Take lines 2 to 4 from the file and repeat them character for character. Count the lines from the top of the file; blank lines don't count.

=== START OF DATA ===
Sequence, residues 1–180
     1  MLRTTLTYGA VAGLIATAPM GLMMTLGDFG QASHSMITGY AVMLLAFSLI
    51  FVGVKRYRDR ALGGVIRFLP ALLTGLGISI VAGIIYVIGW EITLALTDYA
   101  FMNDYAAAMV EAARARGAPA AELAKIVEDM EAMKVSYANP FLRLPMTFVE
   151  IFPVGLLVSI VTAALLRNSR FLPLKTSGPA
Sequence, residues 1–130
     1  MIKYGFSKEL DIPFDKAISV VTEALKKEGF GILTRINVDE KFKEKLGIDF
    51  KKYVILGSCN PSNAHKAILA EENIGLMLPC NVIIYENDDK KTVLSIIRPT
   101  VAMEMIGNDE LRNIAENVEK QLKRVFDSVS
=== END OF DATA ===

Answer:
     1  MLRTTLTYGA VAGLIATAPM GLMMTLGDFG QASHSMITGY AVMLLAFSLI
    51  FVGVKRYRDR ALGGVIRFLP ALLTGLGISI VAGIIYVIGW EITLALTDYA
   101  FMNDYAAAMV EAARARGAPA AELAKIVEDM EAMKVSYANP FLRLPMTFVE